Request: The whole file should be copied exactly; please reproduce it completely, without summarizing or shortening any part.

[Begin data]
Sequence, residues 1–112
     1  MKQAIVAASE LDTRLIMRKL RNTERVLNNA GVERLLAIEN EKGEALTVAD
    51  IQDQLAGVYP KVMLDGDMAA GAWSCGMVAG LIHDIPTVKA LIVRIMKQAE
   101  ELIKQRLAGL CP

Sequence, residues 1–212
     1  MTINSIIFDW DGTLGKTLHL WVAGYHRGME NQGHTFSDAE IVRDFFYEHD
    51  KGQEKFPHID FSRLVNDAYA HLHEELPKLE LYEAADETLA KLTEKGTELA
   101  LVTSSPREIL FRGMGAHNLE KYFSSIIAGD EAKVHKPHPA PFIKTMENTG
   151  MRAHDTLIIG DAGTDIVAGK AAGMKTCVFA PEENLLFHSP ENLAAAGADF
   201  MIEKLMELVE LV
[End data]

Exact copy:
Sequence, residues 1–112
     1  MKQAIVAASE LDTRLIMRKL RNTERVLNNA GVERLLAIEN EKGEALTVAD
    51  IQDQLAGVYP KVMLDGDMAA GAWSCGMVAG LIHDIPTVKA LIVRIMKQAE
   101  ELIKQRLAGL CP

Sequence, residues 1–212
     1  MTINSIIFDW DGTLGKTLHL WVAGYHRGME NQGHTFSDAE IVRDFFYEHD
    51  KGQEKFPHID FSRLVNDAYA HLHEELPKLE LYEAADETLA KLTEKGTELA
   101  LVTSSPREIL FRGMGAHNLE KYFSSIIAGD EAKVHKPHPA PFIKTMENTG
   151  MRAHDTLIIG DAGTDIVAGK AAGMKTCVFA PEENLLFHSP ENLAAAGADF
   201  MIEKLMELVE LV